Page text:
3 ways HR is evolving to remain relevant

HR departments perform important functions for any corporate body.

They’ve always dealt with time-consuming tasks involving payroll and taxation — first with reams of paperwork and later using digital devices.

In some organisations their remit expanded to monitoring staff welfare and mediating in low-level disputes between management and workers.

But technological advances and evolving business cultures mean that large HR departments stuffed with human staff are fast becoming obsolete.

With that in mind, here are three ways HR is evolving to remain relevant.

Artificial Intelligence (AI)

The HR of the future is likely to rely heavily on AI technology.

So Virtual Reality (VR) assistants using voice-recognition tech like Amazon’s Alexa will be able to welcome workers back to work after periods of ill health and update their records within seconds.

And they’ll provide accurate responses to staff questions about tax codes, employee benefits and pension contributions.

But AI can also cope with far more demanding tasks like hiring the best candidates according to complex recruitment criteria or collecting information on staff health and wellbeing.

Human HR employees will still be required — but they’ll need to sharpen their strategic skills and emotional intelligence to differentiate themselves from machines.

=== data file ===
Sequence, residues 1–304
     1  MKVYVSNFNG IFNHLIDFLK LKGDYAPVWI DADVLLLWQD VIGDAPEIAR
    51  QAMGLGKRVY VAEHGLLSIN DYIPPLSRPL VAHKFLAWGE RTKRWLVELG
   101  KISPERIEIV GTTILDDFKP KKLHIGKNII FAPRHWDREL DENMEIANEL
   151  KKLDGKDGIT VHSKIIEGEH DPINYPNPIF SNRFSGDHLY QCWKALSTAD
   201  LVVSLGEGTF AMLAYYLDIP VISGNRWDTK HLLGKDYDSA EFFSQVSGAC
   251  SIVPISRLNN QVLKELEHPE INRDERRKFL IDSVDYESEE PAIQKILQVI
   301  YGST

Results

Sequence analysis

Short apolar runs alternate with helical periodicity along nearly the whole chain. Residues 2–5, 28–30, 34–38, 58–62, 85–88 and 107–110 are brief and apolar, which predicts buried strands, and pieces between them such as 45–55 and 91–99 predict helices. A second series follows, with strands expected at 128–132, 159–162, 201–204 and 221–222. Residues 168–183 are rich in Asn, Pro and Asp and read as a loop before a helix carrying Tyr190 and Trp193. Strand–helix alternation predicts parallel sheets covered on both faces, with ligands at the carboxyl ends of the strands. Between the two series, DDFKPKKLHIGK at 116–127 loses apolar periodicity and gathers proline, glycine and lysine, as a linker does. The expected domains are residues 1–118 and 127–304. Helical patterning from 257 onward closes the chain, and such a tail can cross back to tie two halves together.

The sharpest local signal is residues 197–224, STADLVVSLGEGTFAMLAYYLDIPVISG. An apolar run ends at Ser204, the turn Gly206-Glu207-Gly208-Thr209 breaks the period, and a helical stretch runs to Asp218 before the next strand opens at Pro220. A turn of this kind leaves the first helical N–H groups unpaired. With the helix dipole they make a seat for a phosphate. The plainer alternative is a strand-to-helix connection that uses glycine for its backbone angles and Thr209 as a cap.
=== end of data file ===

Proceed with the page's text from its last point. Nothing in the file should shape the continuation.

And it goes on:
Staff members rely on being paid accurately and on time — demands are unlikely to alter significantly in the future.

So accurate payroll systems that are tax compliant in each operational territory are essential for any business and operating them efficiently still takes too much time for many HR departments.

But outsourced HR software has become sophisticated enough to automate tasks like talent management, workforce management and analytics as well as payroll.

This means that firms of all sizes can cut back on HR overheads and employ a smaller team of human HR experts who are free to concentrate on more specialist tasks that machines can’t perform as effectively.

This type of service can be especially beneficial for startup firms looking who want to save cash while taking care of HR fundamentals.


With machines performing administrative tasks, hiring staff and organising payroll faster and more accurately than human staff, the future might look bleak for flesh and blood HR professionals.

But one area where we might still excel is using our superior soft skills to embed transparent office cultures.

Transparency throughout the organisational hierarchy makes for more informed and effective decision-making because it increases trust and taps into collective intelligence.

So skilled and empathic HR employees attuned to values-based behaviour and the needs of staff will play an important role in maintaining an environment where staff flourish and productivity improves.

These more specialised roles might best suit recruits from the ranks of behavioural science and organisational psychology — who have the expertise to analyse the rich data gathered from automated HR systems to constantly adjust and improve the collective psychological climate.

These three ways HR is evolving to remain relevant prove that humans will have to rapidly adapt their skillsets to secure job roles as automation advances.

Is your HR department embracing AI? Share your thoughts in the comments section.

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